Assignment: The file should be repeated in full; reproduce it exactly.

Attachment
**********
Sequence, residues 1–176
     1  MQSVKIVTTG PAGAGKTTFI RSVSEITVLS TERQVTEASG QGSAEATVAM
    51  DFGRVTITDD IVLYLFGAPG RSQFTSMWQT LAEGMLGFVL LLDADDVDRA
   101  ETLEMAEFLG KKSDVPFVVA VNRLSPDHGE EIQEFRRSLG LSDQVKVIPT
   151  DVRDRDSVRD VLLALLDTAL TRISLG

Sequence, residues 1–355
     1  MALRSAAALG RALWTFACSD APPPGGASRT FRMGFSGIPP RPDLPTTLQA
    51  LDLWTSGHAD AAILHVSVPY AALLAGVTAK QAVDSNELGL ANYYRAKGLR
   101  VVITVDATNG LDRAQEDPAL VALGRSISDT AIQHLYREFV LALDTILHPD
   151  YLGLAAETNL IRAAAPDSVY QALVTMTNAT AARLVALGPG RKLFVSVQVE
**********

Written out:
Sequence, residues 1–176
     1  MQSVKIVTTG PAGAGKTTFI RSVSEITVLS TERQVTEASG QGSAEATVAM
    51  DFGRVTITDD IVLYLFGAPG RSQFTSMWQT LAEGMLGFVL LLDADDVDRA
   101  ETLEMAEFLG KKSDVPFVVA VNRLSPDHGE EIQEFRRSLG LSDQVKVIPT
   151  DVRDRDSVRD VLLALLDTAL TRISLG

Sequence, residues 1–355
     1  MALRSAAALG RALWTFACSD APPPGGASRT FRMGFSGIPP RPDLPTTLQA
    51  LDLWTSGHAD AAILHVSVPY AALLAGVTAK QAVDSNELGL ANYYRAKGLR
   101  VVITVDATNG LDRAQEDPAL VALGRSISDT AIQHLYREFV LALDTILHPD
   151  YLGLAAETNL IRAAAPDSVY QALVTMTNAT AARLVALGPG RKLFVSVQVE